Each group has an interest in disciplines adjacent to CI, and for different reasons. New practitioners need to understand how CI ties to other things. Old dogs like me and Arik need to search for new ideas from other disciplines that might usefully cross over to intelligence work - like prediction markets, for instance.
It makes sense to look at the world based on experience; however, I'm not sure that I am convinced of the logic that all practitioners need the same things from SCIP.

My question is:

Does a CI vendor with 5 or 10 years of experience (perhaps running a practice area in their consulting firm) really have the same needs from SCIP as a CI practitioner with 5 to 10 years of experience within a large organization (perhaps heading up a department of CI practitioners)?
I second this - and since this is a member controlled organization - the membership needs to put something together to present to the SCIP board and staff. Otherwise, it will not happen given the current structure of the organization. I won't repeat my post on the other forum - the first one - but basically, it's time some specific issues were presented to SCIP. Also, this I will repeat - in Treacy's book given out at the conference he uses Corning as an example of a company that did well in years when trends were in their favor, and then collapsed. SCIP cannot rely on "it's the economy" to entirely explain the situation. If SCIP only does well in GOOD ECONOMIES then something is still wrong. SCIP needs to build itself up in good times to weather the economic storms and not rely on a growing economy to keep it afloat. It can only do this by addressing these core issues - one of which Bryan is addressing.
Claudia,

I agree that the membership needs to put something together to present to the SCIP board and staff. Perhaps we should organize a special meeting of the SCIP membership to accomplish this. Article III, Section 3.6 of the SCIP bylaws provides for such special meetings. We need about 600 people to send an email to Martha requesting such a meeting. Then we need about 150 people to attend to have a quorum. Action is then decided by a majority vote of the members present in person or by proxy.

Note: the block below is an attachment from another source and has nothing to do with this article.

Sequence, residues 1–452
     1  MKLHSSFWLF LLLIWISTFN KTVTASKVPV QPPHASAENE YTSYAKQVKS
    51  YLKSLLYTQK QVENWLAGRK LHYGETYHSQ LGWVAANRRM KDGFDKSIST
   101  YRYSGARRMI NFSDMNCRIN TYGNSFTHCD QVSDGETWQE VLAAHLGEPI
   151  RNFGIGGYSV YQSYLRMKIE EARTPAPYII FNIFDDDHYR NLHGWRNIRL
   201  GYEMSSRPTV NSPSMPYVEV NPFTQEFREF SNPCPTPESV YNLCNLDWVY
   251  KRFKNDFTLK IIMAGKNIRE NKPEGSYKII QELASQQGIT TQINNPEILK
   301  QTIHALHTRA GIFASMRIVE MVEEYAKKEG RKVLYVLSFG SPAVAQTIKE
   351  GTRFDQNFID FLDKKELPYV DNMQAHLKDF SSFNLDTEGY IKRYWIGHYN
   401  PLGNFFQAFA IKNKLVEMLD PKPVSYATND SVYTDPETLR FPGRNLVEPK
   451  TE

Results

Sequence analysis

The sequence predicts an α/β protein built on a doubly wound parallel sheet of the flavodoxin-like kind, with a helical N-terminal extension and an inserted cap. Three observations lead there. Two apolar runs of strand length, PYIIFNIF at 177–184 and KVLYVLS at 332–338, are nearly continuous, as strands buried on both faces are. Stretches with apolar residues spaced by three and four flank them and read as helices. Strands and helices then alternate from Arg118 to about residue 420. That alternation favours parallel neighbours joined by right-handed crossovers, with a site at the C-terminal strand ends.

I think this is do-able -- particularly if we do the meeting in an area of highest member concentration, probably the Boston/ New York / New Jersey / Washington corridor.

What do you think? We can use the blogs to develop issue areas, and the "live" meeting to hammer out the final recommendations. There's nothing like "face to face" to make something happen.
That's an interesting idea Kirk - I'd certainly be willing to invest time/energy/money in a trip to such a meeting myself to see SCIP get back to sure footing.

SLA is in Washington DC next month just a short drive from HQ in Alexandria and between members in the greater DC area, those coming to attend/address SLA (I know of a half dozen or so at least off the top of my head) and those willing to come in for a special trip, we might get to such a quorum (btw, SLA's CI division program this year is so enticing I paid up to attend the whole works for the first time myself).
Hi Arik,

I thought the program had you listed as a speaker at the CI division annual business meeting and breakfast discussion -- "Speaker and Aurora WDC principal Arik Johnson will share his views on Intelligence 2.0."

Here's the rest of the CI Division program (not counting workshops) June 15-17:

* Expert Databases: Leveraging for Success (panel - Catherine Monte, Monica Ertel, Medha Devare)
* Skills for the Effective CI Practitioner (Claudia Clayton, Toni Wilson)
* Competitive Intelligence and the Government Librarian ( Roberta Shaffer)
* Lies, Damned Lies, and Annual Reports (Mary Ellen Bates)
* CI Clinic (Ellen Naylor, Jennifer Swanson)
* Incorporating CI into Your Services (panel law firms)

Colin Powell is the featured speaker. Member rate is $695, non-member $975. More information at www.sla.org

Bonnie
That is correct but I went the extra mile and paid up for the full meeting.
Sorry, I forgot that SLA gives speakers a one day registration. Colon Powell should be really interesting to listen to. I had to settle for Al Gore last year.
Bonnie
Kirk, Arik, Bonnie:

Timing and location are fine, though rather soon for a lot of pre-work. I'd be willing to attend, but do not want to attend the SLA. What about tagging such a meeting on to the SLA meeting time- ie, a day before or a day after? [Note- I could only come after June 16.]

Perhaps some of us could contribute to price of the meeting room? Alternatively, perhaps SCIP could help us get a corporate, government or academic meeting space near to the SLA meeting?

Perhaps SLA has booked some rooms that it does not need???

Martha Matteo